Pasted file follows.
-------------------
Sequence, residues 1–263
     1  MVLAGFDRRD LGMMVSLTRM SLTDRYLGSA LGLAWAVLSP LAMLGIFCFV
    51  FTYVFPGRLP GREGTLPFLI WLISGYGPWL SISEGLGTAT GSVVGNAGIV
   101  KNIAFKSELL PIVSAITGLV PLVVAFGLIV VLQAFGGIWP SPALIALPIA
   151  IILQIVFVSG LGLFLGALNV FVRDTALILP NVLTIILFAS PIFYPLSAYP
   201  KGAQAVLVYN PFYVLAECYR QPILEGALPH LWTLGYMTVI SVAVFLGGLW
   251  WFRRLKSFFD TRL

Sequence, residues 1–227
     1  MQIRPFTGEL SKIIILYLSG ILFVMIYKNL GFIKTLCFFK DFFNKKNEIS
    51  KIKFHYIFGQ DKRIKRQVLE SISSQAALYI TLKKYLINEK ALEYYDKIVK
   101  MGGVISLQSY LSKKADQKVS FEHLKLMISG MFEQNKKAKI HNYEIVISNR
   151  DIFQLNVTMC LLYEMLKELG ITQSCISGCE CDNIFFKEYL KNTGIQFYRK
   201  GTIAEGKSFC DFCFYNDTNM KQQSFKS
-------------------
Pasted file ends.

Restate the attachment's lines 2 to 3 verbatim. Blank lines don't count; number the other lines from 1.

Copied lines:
     1  MVLAGFDRRD LGMMVSLTRM SLTDRYLGSA LGLAWAVLSP LAMLGIFCFV
    51  FTYVFPGRLP GREGTLPFLI WLISGYGPWL SISEGLGTAT GSVVGNAGIV